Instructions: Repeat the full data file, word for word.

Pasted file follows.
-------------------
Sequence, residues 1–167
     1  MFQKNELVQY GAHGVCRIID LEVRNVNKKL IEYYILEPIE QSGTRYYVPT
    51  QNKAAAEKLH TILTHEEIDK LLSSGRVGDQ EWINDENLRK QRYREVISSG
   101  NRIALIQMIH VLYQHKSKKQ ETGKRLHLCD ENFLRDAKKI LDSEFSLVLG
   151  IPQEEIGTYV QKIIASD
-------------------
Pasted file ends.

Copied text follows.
Sequence, residues 1–167
     1  MFQKNELVQY GAHGVCRIID LEVRNVNKKL IEYYILEPIE QSGTRYYVPT
    51  QNKAAAEKLH TILTHEEIDK LLSSGRVGDQ EWINDENLRK QRYREVISSG
   101  NRIALIQMIH VLYQHKSKKQ ETGKRLHLCD ENFLRDAKKI LDSEFSLVLG
   151  IPQEEIGTYV QKIIASD